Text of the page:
Solar power project step 2, battery test with inverter

in #ecotrain3 years ago

Part 1: initial purchase and testing

Last time I made a test circuit for charging two 12v 7 Ah lead acid batteries from a large 15W solar cell using a charging regulator. Things seemed to work out well with the simple set up.

If one part of a solar rig will be about charging the batteries, then the other part will be on their use. It's simple but maybe not quite as simple as it first appears.

The two batteries I have are lead acid 12v 7 Ah, which means 12 volts and a capacity of 7 Amp hours of DC current. That means that it will only work with electronic devices that take 12 volts exactly, and that don't need to much current (amps) or the battery will run out very quickly.

"7 Amp hours" doesn't mean that you have to use it on a device that draws 7 amps, though you can. If you run a device which draws 7 amps, it will power this device for 1 hour only. Conversely, it will power a device that draws 1 amp for 7 hours.

Thus we get this simple formula:

powering time (hours) = battery capacity (amp hours) / device current draw (amps)

Test device: a computer screen

During my working day I decided to see how long I could run one of my several computer screens for on one of the batteries. However the screen is configured to run from the mains, which in Ireland is 240 volts AC (alternating current) with a wide enough range of current requirements. How can you use a 12 volt DC (direct current) battery for that?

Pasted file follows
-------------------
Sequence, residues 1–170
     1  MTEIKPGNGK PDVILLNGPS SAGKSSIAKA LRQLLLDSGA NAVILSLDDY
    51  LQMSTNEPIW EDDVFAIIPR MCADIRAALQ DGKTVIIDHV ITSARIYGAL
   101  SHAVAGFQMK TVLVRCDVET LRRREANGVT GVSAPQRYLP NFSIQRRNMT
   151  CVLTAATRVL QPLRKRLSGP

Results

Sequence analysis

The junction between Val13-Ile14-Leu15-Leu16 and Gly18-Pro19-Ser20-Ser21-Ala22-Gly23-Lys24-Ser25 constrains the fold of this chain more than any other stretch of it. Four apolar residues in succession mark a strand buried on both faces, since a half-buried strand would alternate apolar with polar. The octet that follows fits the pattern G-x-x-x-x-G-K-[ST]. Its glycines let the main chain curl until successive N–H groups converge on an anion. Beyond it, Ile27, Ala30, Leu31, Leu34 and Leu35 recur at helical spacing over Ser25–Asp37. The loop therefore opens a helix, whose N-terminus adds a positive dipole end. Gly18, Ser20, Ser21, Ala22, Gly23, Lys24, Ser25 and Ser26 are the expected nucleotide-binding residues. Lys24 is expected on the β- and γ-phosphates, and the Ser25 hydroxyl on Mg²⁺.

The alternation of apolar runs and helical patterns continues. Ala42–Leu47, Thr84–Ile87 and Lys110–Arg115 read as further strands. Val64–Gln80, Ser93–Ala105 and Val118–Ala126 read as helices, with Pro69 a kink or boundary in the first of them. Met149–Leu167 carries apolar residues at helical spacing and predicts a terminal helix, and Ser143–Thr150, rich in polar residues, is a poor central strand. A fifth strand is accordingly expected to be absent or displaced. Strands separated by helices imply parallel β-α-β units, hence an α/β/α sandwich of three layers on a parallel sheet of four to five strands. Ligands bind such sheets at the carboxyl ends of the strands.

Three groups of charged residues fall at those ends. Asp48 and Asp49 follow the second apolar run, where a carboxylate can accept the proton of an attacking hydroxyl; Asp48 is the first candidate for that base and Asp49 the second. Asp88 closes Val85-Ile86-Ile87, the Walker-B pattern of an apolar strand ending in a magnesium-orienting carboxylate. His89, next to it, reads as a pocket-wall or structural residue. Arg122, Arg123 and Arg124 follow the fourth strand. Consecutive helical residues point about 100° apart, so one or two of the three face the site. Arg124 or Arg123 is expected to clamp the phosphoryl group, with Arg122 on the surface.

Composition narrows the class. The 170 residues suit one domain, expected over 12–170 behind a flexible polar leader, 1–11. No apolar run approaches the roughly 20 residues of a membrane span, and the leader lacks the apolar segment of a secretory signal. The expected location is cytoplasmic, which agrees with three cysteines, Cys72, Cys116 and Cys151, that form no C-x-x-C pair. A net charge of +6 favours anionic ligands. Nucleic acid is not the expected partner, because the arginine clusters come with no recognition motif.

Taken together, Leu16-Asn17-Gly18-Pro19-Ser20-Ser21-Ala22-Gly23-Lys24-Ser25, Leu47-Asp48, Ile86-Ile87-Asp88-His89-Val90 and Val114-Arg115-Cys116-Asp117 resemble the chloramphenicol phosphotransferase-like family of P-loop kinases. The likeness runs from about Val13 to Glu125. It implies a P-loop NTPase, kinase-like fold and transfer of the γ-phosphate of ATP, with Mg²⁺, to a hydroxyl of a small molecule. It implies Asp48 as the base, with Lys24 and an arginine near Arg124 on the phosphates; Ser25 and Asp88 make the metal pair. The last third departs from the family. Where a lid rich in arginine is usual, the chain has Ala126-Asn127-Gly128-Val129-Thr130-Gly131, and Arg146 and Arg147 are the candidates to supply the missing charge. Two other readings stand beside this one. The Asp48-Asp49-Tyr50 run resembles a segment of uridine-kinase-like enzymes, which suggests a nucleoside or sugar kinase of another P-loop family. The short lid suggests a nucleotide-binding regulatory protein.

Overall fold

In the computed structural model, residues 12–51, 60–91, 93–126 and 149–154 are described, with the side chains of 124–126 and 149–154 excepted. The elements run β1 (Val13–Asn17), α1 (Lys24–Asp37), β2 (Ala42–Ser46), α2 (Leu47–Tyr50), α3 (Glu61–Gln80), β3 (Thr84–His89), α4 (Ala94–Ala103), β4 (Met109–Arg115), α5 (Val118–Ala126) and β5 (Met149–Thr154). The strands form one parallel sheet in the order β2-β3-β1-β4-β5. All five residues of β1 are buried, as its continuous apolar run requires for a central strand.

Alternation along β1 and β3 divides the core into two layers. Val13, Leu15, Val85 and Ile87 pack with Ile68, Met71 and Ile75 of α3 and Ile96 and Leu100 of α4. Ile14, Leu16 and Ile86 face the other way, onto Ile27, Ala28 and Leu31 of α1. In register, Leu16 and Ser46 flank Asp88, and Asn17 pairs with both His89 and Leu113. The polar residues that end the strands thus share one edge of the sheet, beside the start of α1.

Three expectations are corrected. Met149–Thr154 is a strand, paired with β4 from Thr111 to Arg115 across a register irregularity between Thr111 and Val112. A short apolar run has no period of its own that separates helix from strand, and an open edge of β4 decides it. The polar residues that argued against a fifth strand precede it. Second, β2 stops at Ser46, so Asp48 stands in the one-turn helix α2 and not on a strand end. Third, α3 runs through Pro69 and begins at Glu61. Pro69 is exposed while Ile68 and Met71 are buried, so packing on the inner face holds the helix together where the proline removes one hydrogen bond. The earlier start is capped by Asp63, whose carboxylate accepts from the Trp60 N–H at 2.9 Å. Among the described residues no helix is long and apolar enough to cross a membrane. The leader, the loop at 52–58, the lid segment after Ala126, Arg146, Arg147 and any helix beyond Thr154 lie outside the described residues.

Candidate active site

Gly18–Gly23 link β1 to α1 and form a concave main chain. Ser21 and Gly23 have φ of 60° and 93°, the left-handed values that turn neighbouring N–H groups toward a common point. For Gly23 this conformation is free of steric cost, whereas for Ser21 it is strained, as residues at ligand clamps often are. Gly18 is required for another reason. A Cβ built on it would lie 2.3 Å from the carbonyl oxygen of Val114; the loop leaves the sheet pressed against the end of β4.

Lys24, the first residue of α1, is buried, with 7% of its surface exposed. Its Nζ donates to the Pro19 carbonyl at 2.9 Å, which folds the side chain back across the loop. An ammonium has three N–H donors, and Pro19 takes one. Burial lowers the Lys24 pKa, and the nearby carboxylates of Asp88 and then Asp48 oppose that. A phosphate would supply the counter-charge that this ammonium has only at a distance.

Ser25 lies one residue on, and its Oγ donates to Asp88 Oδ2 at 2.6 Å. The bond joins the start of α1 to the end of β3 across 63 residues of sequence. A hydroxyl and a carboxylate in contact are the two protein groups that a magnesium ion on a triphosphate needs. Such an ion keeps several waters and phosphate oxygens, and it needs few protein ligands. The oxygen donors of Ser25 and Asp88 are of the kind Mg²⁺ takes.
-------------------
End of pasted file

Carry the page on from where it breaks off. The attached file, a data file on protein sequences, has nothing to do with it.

You need what is called an power inverter. These are most commonly used by the common person in cars, mobile homes or the various other holiday vehicles people use, such as boats. Since all of these use a standard 12v lead acid battery also, I can use one meant for these purposes for the smaller capacity batteries.

The power inverter takes the DC input at 12v and changes its form to AC and at a higher voltage, which is useful for a range of household devices.


IMG_20180516_150105.jpg


This is the unit itself from the front, with a normal Irish / UK style plug such as we have here. There is also a USB output. The power inverter can supply a very wide range of wattage requirements, but the maximum normal load for the one I got was 300 W.

The screen was rated to work between 100-240 volts and would draw 1.5 amps. So for the 7 Ah battery our formula is:

7 / 1.5 = 4.6 = 4 hrs 36 mins

Let's see if that actually works


IMG_20180516_150054.jpg


Results of test

The screen stayed powered on for almost exactly 3 hours. This is a significant amount less than the formula predicted, if the ratings are true and the battery was truly fully charged. It works out that it's only about 65% efficient. Maybe this isn't surprising as I have read that inverters cannot be completely efficient, and that's especially the case with cheaper ones, such as the one I got.

I should note that I stopped the battery when the inverter started to beep, which indicates low battery. I'm not sure what percentage of battery this happens at, but it's not at 0% as draining lead acid batteries completely is apparently bad for their continued storage and health.